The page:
Synopses & Reviews
Algonquin “Ali” Rhodes, the high school newspapers music critic, meets an intriguing singer, Doug, while reviewing a gig. Hes a weird-looking guy—goth, but he seems sincere about it, like maybe he was into it back before it was cool. She introduces herself after the set, asking if he lives in Cornersville, and he replies, in his slow, quiet murmur, “Well, I dont really live there, exactly. . . .”
When Ali and Doug start dating, Ali is falling so hard she doesnt notice a few odd signs: he never changes clothes, his head is a funny shape, and he says practically nothing out loud. Finally Marie, the school papers fashion editor, points out the obvious: Doug isnt just a really sincere goth. Hes a zombie. Horrified that her feelings could have allowed her to overlook such a flaw, Ali breaks up with Doug, but learns that zombies are awfully hard to get rid of—at the same time she learns that vampires, a group as tightly-knit as the mafia, dont think much of music critics who make fun of vampires in reviews. . . .
"Selzer (Andrew North Blows Up the World) takes a delightfully wicked but thoughtful poke at teenage infatuations, vampire groupies, and pretentious goths. It's been years since 'post-human' vampires, werewolves, and other undead creatures came 'out of the coffin' to protest Megamart's exploitation of zombies as stockroom workers. But 18-year-old Alley Rhodes can't help rolling her eyes at her classmates' continuing obsession ('teenage vampires are a pain in the ass they never actually mature... but dating one has become the ultimate status symbol'). Then moody singer Doug catches her heart, and she's soon reconsidering her plan to flee Iowa for college in Seattle. She loves his authentic goth look (pale skin, unkempt hair, 'moth-eaten suit'), but she's forgotten the first rule of modern dating Google him. Doug died four years ago, and he's still wearing the suit he was buried in. Now all of her preconceptions are out the window and she has critical decisions to make. With snappy dialogue and a light, funny touch, Selzer creates a readable examination of love, self-sacrifice, and where to draw the line before you lose yourself. Ages 12 up." Publishers Weekly (Copyright Reed Business Information, Inc.)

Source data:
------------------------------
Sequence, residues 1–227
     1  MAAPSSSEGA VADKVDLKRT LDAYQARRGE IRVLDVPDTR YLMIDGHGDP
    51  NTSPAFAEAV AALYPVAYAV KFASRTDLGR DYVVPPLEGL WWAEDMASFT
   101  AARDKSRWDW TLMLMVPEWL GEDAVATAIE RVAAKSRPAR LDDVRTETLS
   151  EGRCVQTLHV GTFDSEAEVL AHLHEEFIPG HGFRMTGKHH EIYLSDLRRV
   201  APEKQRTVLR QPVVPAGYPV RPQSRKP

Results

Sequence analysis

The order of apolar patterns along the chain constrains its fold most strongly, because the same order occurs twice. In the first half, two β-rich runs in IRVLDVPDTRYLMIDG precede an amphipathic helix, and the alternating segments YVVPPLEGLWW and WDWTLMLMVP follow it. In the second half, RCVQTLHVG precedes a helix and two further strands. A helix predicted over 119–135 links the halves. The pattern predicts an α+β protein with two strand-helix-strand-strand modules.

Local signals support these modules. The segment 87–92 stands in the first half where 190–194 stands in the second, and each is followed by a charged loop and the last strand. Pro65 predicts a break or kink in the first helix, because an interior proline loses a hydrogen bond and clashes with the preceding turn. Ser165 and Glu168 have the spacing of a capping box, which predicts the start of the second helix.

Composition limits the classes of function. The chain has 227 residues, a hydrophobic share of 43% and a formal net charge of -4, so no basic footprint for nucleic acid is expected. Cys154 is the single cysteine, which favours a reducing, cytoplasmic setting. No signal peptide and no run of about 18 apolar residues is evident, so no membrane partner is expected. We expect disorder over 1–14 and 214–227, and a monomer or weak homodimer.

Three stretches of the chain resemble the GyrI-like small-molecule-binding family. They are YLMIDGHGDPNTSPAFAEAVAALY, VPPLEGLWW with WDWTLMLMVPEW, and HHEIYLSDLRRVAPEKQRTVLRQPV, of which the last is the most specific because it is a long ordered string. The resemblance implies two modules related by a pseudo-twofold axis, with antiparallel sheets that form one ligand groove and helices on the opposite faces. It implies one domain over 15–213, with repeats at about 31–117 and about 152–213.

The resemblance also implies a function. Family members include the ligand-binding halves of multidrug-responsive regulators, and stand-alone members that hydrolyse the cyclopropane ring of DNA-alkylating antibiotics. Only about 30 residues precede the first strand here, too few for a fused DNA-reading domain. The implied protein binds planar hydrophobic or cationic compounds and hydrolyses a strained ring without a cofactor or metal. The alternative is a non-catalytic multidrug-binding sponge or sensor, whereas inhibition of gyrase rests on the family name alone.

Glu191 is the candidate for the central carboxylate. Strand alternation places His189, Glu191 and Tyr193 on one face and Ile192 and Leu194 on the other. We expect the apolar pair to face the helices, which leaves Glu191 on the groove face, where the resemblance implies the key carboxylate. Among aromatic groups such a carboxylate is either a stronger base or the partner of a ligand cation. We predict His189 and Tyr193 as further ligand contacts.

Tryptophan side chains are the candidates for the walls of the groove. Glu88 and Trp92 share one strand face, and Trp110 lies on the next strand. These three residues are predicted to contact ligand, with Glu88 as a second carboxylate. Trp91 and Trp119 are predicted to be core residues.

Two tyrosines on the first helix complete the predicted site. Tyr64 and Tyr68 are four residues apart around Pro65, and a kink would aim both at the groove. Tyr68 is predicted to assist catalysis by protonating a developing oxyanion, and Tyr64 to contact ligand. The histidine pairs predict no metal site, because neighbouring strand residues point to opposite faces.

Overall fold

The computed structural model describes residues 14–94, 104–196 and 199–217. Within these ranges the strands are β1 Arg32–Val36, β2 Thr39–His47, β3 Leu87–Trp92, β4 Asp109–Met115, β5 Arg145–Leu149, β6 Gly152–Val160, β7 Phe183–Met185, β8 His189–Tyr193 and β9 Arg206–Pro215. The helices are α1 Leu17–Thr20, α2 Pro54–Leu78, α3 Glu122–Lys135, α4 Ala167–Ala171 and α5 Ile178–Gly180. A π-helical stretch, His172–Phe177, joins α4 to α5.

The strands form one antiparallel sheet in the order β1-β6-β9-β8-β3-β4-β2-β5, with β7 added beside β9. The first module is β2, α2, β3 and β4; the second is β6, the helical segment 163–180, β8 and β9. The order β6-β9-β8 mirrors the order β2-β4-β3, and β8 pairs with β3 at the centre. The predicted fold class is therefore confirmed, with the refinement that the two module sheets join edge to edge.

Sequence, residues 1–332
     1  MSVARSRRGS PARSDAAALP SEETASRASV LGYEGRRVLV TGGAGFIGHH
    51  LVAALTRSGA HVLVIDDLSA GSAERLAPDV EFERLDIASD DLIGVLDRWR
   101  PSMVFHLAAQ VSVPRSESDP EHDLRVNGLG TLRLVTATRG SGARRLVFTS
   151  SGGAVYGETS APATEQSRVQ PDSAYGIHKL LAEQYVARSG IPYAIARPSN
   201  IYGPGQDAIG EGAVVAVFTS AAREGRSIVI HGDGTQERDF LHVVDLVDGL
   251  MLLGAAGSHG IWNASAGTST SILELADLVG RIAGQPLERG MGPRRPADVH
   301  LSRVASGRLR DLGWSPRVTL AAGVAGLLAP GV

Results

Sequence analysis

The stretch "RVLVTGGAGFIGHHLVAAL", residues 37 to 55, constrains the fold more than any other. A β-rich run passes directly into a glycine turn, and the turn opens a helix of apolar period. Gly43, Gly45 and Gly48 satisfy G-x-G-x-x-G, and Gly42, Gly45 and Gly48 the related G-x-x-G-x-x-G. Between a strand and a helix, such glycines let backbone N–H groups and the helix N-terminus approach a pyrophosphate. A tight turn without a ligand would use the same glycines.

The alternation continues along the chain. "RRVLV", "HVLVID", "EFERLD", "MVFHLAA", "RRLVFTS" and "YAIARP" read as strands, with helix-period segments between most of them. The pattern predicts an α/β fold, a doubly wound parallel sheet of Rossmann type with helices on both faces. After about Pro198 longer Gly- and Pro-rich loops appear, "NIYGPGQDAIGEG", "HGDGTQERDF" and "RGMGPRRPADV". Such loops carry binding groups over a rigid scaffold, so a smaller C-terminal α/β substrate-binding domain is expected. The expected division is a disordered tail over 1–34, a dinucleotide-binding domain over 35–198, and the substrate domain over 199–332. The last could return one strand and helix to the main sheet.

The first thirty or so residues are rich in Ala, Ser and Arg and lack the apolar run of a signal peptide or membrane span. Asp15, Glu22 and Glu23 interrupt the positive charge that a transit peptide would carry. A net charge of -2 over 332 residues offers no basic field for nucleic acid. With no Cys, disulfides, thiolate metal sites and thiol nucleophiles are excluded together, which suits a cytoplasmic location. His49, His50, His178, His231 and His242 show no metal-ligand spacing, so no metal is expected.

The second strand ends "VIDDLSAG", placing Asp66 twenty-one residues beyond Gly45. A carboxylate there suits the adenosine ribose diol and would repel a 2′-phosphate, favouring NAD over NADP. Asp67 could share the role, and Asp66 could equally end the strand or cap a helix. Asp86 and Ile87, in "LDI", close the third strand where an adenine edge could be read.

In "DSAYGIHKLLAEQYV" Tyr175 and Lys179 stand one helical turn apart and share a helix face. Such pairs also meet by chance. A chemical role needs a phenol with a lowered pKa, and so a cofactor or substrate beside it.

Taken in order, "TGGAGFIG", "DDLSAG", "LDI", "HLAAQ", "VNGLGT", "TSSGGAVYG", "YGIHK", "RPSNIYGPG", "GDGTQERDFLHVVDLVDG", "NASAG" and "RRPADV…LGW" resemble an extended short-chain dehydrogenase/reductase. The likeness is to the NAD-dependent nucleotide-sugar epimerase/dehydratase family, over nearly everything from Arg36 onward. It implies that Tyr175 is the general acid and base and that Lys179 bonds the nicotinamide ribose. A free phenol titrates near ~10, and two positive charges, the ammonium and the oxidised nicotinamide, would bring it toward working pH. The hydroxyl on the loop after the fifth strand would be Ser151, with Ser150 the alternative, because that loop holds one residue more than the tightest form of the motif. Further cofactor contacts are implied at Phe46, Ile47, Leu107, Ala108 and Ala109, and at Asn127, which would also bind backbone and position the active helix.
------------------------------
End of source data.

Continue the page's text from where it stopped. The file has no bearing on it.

Praise for The Well:
"[A] propulsive horror yarn. . . . Fright fans will be plenty satisfied with the homicidal happenings."--Booklist "Overall, this is at once frightening and a bit campy, making this a guilty—but still gratifyingly gross—pleasure for horror fans."--Bulletin
Meredith Willis is suspicious of Adrien, the new guy next door. When she dares to sneak a look into the windows of his house, she sees something in the cellar that makes her believe that Adrien might be more than just a creep—he may be an actual monster. But her sister, Heather, doesnt share Merediths repulsion. Heather believes Adrien is the only guy who really understands her. In fact, she may be falling in love with him. When Adrien and Heather are cast as the leads in the school production of Romeo and Juliet, to Heather, it feels like fate. To Meredith, it feels like a bad omen. But if she tries to tear the couple apart, she could end up in the last place shed ever want to be: the cellar. Can Meredith convince her sister that shes dating the living dead before its too late for both of them?
About the Author
A. J. WHITTEN is a pseudonym for New York Times bestselling author Shirley Jump writing with her teenage daughter, Amanda. A shared love of horror movies and a desire to spice up the Shakespeare stories that are required reading in high schools led to their collaboration on The Well. They live in Ft. Wayne, Indiana.